As in many revolutions, it comes down to rich versus poor, and those who had power versus those who now wield the big stick. Isaac and Farnez are presented as good people who have helped others … including their housekeeper played by the always interesting Shohreh Aghdashloo (House of Sand and Fog). Her loyalties begin to waver even as her son joins forces with the Guards. Why should she clean toilets while Farnez lives the high life? The scenes with Ms. Hayek and Ms. Aghdashloo are the film’s best, but even those aren’t strong enough given the material.

The film tries to maintain a neutral stance on religion and politics, though it’s clear where the sympathies fall. The ending dedication to “all victims of persecution” gives some idea of the lack of focus here. The over-acting from Adrian Brody does distract some from the manner in which the story ends. The lesson seems to be that one is never free when focused on material things, and yet revolutions always seem to be about the power that comes with money … rather than the issues initially proclaimed. In book form, this is a terrific and personal story about the impact of the revolution. Unfortunately, on the screen, it comes across as all too familiar and lacking in danger and suspense … none of which lessens the true hardships faced by this family.

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TALE OF TALES (Italy, 2016)

April 20, 2016

tale of tales Greetings again from the darkness. Fairy tales have long been a fruitful source for movie material. Some, like Disney productions, land gently on the family/children end of the scale; while others like the Brothers Grimm material are much darker and adult in nature. And now, along comes director Matteo Garrone and his blending of three stories loosely based on the 17th century tales published by Giambattista Basile … and “black comedy” falls short as a description.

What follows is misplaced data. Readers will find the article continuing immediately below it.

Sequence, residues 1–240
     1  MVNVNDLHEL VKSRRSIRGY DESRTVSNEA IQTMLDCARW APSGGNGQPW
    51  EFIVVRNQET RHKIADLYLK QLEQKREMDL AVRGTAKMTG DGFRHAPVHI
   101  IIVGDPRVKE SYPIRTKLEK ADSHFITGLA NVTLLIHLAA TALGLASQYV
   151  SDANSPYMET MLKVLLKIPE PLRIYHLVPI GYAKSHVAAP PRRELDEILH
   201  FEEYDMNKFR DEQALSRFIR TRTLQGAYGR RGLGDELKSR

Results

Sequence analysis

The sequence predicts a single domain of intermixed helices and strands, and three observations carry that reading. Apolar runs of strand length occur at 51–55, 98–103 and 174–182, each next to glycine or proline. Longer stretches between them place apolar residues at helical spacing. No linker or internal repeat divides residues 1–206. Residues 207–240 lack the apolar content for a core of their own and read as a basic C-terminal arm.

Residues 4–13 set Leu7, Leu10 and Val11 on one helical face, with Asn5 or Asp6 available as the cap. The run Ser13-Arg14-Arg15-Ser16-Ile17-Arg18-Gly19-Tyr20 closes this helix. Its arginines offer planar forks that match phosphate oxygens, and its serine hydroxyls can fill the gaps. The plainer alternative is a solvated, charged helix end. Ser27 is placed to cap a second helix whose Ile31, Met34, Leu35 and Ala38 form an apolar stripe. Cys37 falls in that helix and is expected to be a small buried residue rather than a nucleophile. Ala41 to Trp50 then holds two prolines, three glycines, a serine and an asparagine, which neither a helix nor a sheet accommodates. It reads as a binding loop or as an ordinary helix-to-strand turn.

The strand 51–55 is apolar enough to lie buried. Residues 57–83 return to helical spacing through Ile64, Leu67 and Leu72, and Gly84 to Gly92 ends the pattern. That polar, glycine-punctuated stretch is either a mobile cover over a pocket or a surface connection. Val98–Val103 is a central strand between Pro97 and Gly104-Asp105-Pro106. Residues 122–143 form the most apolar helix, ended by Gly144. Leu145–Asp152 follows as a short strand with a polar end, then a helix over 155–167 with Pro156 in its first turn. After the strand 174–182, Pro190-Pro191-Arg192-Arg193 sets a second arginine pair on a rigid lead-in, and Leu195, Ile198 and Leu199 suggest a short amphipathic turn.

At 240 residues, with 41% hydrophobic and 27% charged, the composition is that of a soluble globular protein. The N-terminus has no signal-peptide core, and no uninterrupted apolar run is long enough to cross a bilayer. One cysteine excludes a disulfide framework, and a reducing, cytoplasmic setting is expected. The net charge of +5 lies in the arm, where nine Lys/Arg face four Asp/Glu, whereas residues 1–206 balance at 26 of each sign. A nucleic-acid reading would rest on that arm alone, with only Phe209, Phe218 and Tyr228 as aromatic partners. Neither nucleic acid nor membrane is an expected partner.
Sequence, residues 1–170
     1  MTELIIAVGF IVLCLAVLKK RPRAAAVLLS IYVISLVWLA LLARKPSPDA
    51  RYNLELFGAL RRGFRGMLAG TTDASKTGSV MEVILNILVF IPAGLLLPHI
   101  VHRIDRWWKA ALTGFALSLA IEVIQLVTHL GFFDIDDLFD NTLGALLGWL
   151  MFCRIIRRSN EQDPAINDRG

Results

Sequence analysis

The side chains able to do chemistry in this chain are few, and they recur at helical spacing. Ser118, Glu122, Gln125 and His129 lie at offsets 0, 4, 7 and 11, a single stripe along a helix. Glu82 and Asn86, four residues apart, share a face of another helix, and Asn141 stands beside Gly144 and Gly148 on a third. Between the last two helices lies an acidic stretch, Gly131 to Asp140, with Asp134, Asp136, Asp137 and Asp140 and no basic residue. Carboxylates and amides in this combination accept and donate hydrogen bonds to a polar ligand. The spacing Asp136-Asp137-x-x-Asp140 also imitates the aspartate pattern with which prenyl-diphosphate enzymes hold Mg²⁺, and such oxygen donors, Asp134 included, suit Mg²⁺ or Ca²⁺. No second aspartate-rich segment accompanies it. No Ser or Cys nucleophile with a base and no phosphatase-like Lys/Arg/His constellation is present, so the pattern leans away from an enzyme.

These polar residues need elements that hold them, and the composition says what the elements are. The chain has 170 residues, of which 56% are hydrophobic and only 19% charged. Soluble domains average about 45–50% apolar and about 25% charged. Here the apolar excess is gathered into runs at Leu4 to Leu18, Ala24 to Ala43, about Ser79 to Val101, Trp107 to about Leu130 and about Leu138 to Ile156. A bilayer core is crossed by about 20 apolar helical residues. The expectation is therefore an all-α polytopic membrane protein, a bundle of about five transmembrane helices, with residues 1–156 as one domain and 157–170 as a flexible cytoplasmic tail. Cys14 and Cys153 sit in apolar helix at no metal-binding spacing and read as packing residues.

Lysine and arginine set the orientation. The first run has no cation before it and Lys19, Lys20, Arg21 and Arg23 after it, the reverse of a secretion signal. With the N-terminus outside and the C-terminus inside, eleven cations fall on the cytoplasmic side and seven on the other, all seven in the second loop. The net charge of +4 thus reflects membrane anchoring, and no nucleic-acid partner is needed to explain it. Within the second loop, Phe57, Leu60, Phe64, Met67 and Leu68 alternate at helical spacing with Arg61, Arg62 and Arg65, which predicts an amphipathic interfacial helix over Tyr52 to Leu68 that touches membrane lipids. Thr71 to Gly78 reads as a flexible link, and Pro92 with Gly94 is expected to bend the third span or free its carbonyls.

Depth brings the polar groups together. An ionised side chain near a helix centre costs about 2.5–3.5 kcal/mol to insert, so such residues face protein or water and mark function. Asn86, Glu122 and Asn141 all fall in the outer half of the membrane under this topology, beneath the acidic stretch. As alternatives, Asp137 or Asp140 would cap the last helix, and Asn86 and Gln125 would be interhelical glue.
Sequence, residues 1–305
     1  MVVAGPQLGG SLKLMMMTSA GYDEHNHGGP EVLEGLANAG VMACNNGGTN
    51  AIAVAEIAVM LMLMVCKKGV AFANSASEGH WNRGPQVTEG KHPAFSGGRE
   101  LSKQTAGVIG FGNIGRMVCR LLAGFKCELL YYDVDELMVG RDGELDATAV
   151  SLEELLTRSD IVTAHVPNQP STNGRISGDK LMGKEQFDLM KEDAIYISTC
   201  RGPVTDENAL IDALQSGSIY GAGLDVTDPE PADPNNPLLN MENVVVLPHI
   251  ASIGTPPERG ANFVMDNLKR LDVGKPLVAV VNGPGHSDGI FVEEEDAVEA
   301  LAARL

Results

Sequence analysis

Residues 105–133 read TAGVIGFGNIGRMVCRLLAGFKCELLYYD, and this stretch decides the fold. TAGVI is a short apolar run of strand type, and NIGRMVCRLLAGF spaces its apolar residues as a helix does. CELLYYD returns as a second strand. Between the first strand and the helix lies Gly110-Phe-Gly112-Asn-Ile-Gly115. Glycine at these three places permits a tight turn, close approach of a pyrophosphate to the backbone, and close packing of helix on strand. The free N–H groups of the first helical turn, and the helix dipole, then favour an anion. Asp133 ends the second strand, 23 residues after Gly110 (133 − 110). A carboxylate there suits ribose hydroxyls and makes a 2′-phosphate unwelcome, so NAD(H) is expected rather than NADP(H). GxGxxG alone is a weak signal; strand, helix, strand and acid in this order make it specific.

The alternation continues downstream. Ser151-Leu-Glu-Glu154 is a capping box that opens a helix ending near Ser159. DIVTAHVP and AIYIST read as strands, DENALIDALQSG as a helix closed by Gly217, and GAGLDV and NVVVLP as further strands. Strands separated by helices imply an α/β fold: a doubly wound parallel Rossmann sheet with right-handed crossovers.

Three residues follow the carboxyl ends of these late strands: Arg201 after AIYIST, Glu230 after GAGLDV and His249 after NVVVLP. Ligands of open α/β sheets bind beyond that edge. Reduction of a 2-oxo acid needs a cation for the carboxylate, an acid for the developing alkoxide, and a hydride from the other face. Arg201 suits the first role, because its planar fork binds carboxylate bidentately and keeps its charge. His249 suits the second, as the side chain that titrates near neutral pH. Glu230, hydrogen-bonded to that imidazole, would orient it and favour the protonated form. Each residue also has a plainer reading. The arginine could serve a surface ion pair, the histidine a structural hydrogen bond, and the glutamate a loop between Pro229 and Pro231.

Mr. Garrone is best known for his chilling look at an Italian crime family in the award winning Gomorrah (2008), so a trilogy of demented monarchial fantasies may seem a bit outside his comfort zone … but grab ahold of your crown jewels and be ready for just about anything.

A very strong opening leads us into the first story about a King (John C Reilly) and Queen (Salma Hayek) who are by no one’s definition, the perfect couple. The Queen’s inability to have children leads her to strike a deal with a Faustian seer who promises a baby to the royal couple. The only catch is that the King must kill a sea monster, and the Queen must eat its heart after it’s properly prepared by a virgin. Yep, it’s pretty dark and pretty odd. Of course, as with all actions, there are consequences (albino twins of different mothers) … some of which are not so wonderful.

The second story involves a lecherous King (Vincent Cassel) who falls in love with a local woman based solely on her singing voice. Much deceit follows and the actions of two sisters (played by 3 actresses – Hayley Carmichael, Stacy Martin, Shirley Henderson) and some supernatural aging products lead to a twisty story of romance that can’t possibly end well for anyone involved.

The third of our 3-headed story is the strangest of all, as a King (Toby Jones) nurtures a pet flea until it grows to behemoth size. Yes, a pet flea would be considered unusual, but eclipsing even that in uniqueness is the King’s willingness to offer the hand of his daughter (Bebe Cave) in marriage to a frightening ogre who lives a solitary life in the mountains.

These three stories are interwoven so that we are bounced from one to another with little warning … which seems only fitting given the material. Knowing the theme of the three stories does not prepare one for the details – neither the comedy, nor the dramatic turns. All actors approach the material with deadpan seriousness which adds to the feeling of a Grimm Brothers and Monty Python mash-up.

Alexandre Desplat provides the perfect score for this oddity, though the audience may be limited to those who can appreciate grotesque sequences assembled with the darkest of comedy. The moral to these stories may be difficult to quantify; however, it’s a reminder that actions beget consequences no matter the time period.

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KAHLIL GIBRAN’S THE PROPHET (2015)

August 19, 2015